Newswise — As our environment degrades and technology improves, can technological versions of nature become suitable replacements?
Will people be satisfied by views offered by wall-mounted plasma screens instead of real windows? Will activities like telegardening be as rewarding? Will relationships with robotic pets be as close as those with living animals?
In a new book, a University of Washington psychologist argues that to flourish, humans need exposure to the natural world.
“We’re losing not just nature but our interaction with it,” said Peter Kahn, a UW associate professor of psychology. Kahn describes his studies of human interactions with technological substitutes for nature in a recently published book, “Technological Nature: Adaptation and the Future of Human Life,” published by MIT Press.
Kahn warns in the introduction that he is not a Luddite. “I love technology. But I am also keenly aware that there are costs that accompany almost every technological innovation.”
In “Technological Nature,” he describes his studies showing how substitutes for nature affect our physical and psychological well-being. He generally finds that while technological nature is better than no nature, it is not as good as the real outdoors and exposure to living beings.
In a series of studies, Kahn investigated the health benefits of having a window-like display in offices. He found that participants with a wall-mounted plasma screen displaying a real-time outside nature view looked at the screen as often as participants who had a window with a real nature view looked out their windows. But participants with the screen did not show the same decrease in heart rate after a mild stressor, indicating that a real window with a nature view can counteract stress.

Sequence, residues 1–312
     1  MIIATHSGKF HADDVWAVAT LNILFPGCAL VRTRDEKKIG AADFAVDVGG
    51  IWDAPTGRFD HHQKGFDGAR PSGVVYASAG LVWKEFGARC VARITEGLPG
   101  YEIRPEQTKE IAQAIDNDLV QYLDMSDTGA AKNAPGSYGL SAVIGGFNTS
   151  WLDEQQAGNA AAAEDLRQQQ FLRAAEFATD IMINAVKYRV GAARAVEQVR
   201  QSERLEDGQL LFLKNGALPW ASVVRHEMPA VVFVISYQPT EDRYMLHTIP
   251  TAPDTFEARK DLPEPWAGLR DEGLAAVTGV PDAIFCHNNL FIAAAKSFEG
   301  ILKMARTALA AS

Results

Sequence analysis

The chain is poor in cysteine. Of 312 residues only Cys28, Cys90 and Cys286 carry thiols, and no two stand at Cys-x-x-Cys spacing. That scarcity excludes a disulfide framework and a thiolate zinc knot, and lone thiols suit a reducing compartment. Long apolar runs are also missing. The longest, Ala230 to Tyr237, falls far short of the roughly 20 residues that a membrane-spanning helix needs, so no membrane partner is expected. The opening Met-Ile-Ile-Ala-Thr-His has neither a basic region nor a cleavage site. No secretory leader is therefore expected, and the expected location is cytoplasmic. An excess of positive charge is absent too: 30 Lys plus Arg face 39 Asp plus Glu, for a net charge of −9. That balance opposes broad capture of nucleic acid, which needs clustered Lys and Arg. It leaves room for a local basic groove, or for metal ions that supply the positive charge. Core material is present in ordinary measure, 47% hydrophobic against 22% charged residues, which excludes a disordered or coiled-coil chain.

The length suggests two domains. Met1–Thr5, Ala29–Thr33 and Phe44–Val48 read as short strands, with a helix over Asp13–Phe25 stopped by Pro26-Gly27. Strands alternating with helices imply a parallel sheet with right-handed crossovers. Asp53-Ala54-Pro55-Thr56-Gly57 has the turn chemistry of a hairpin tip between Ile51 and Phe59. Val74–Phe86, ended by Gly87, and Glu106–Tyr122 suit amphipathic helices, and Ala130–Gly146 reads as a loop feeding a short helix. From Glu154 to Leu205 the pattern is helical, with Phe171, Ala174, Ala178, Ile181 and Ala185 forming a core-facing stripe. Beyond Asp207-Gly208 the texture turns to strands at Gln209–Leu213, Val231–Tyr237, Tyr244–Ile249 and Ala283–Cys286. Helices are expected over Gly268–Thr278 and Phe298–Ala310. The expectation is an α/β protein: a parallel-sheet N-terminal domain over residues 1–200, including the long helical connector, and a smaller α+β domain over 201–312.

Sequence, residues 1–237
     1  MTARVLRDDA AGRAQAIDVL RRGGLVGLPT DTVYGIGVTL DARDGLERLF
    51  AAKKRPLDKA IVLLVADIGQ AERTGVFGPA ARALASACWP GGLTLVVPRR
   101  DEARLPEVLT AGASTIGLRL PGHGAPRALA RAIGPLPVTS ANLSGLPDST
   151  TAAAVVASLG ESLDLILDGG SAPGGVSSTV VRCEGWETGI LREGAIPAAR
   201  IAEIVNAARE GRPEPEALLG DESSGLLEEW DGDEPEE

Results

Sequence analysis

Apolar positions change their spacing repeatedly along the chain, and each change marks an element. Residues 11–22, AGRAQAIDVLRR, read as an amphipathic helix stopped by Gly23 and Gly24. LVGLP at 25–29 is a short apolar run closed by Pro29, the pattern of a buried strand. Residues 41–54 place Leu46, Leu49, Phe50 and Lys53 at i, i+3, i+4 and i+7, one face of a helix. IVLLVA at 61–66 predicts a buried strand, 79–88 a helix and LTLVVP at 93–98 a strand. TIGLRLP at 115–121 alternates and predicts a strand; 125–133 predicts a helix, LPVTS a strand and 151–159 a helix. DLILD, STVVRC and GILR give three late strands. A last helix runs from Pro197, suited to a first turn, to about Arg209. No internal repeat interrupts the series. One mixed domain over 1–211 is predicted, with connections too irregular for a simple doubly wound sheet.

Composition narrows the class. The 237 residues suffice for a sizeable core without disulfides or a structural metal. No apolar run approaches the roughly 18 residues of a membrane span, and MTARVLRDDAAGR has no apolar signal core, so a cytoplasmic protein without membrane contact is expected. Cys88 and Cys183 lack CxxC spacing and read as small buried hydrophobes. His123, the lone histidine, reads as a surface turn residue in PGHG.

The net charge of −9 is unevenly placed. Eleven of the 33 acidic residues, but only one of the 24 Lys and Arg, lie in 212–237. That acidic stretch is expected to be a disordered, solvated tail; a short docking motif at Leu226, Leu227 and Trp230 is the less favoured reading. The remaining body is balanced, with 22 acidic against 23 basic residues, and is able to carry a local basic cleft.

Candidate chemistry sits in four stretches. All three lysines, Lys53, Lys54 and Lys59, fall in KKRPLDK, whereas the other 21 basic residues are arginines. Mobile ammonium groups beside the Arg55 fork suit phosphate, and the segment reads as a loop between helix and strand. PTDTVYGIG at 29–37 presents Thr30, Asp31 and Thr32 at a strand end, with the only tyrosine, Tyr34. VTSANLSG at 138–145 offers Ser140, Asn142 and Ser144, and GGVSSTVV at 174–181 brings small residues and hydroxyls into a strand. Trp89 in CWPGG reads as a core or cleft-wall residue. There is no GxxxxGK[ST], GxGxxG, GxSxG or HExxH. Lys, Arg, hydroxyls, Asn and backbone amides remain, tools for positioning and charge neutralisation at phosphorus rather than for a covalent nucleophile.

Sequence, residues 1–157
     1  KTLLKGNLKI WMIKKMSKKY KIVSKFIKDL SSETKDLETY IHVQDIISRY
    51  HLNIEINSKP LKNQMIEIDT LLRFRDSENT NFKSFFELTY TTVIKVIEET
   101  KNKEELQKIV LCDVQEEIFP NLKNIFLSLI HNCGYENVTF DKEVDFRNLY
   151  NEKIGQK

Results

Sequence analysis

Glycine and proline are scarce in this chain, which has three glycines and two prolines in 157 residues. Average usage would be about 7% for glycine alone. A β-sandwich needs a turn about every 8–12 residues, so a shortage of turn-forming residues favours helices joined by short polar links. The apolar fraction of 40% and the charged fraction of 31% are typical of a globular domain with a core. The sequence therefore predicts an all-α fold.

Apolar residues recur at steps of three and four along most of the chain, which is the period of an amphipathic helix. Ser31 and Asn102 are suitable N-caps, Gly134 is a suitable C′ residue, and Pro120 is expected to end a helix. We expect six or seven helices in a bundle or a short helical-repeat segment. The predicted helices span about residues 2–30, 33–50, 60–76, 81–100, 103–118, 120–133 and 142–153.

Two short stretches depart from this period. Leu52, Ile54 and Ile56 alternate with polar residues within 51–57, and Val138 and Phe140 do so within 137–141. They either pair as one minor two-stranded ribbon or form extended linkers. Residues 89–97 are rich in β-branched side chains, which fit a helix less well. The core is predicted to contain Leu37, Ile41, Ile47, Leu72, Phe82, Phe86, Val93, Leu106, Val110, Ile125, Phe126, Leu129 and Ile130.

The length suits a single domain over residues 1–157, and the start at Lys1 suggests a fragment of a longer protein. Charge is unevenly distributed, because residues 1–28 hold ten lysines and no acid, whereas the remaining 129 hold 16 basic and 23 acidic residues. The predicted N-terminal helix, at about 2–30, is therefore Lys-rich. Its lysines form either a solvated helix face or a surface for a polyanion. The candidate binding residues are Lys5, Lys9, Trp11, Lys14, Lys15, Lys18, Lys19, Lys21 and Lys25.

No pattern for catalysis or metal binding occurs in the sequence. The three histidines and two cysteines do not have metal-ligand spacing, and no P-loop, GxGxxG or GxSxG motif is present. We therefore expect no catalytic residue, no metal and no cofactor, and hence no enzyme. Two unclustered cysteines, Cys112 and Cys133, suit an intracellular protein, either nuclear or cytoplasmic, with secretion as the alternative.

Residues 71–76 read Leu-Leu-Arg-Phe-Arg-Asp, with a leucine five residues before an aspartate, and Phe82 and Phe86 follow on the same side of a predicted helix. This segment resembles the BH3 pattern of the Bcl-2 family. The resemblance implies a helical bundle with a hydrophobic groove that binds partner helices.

“If you care about stress reduction, human well-being or human-flourishing, we need a direct connection with nature,” Kahn said.
Similarly, in a chapter on telegardening, a Web-based program allowing people to remotely activate a robotic arm to plant and water a real-life garden, Kahn found that people’s experience with the activity did little to cultivate an interest in nature. It was more likely to be used as a subpar gardening substitute, such as by one participant who was recovering from surgery.
Kahn writes that it’s “absurd” to put too much effort in using technology to recreate nature indoors when instead we could put the money, time and energy into designing buildings and urban environments that “open out into nature and that have nature to open out into.”
Technological stand-ins for pets also come up short, in Kahn’s estimation. He describes his studies using robotic dogs as a way to assess how people, including preschool children and children with autism, can engage with robots.
While people seemed to like the robotic dog, felt a social connection with it and attributed mental states to it, they did not go a step further in engaging it morally, as they would a biological dog. “They could ignore it whenever it was convenient or desirable to do so,” Kahn writes in the chapter “Hardware Companions?”
Kahn emphasizes that “we need rich interactions with nature for our physical and psychological well-being.” But he adds that humans “are losing those interactions because we are quickly and pervasively degrading if not destroying large portions of nature, which are required for such interaction.”
It will only get worse through a condition he calls “environmental generational amnesia,” in which people consider the natural environment they encounter as children to be what’s normal. Eventually we consider a degraded, polluted environment to be the norm.
It’s a form of adaptation that deeply concerns Kahn.
“I believe that technological nature will always result in a diminished experience compared to its natural counterpart,” Kahn writes in the final chapter. “If that is true, then we should employ technological nature as a bonus on actual nature, not as its substitute.”
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Technological Nature: Adaptation and the Future of Human Life